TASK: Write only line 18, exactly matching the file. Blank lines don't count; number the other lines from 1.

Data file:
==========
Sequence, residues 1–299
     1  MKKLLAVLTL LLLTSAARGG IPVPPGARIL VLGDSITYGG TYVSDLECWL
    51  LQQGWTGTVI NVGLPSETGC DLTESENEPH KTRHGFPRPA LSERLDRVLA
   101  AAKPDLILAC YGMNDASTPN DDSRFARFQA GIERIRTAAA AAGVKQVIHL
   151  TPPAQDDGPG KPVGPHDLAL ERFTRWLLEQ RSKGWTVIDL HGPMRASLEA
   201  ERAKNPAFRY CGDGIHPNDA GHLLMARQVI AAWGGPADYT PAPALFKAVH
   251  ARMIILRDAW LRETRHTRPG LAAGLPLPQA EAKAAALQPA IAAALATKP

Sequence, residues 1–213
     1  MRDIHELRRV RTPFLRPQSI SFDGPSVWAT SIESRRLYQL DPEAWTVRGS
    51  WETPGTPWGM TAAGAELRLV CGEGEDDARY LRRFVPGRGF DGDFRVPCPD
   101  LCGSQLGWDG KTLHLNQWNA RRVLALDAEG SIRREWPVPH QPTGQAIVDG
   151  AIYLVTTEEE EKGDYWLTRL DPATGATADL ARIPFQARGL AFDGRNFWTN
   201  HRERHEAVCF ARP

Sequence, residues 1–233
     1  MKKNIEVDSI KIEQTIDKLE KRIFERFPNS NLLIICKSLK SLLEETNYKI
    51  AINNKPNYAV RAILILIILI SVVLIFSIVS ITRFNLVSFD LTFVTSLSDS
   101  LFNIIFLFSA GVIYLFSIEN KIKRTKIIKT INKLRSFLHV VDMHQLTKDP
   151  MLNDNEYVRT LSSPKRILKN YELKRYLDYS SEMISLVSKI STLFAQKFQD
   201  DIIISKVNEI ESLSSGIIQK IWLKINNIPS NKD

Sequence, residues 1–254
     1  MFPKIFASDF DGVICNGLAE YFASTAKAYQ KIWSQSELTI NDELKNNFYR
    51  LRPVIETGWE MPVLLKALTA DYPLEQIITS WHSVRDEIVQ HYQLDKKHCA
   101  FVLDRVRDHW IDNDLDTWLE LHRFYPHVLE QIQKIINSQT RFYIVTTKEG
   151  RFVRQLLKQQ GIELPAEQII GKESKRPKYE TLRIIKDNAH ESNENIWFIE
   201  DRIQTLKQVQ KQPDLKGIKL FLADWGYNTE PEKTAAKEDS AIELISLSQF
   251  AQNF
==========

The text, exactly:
   151  MLNDNEYVRT LSSPKRILKN YELKRYLDYS SEMISLVSKI STLFAQKFQD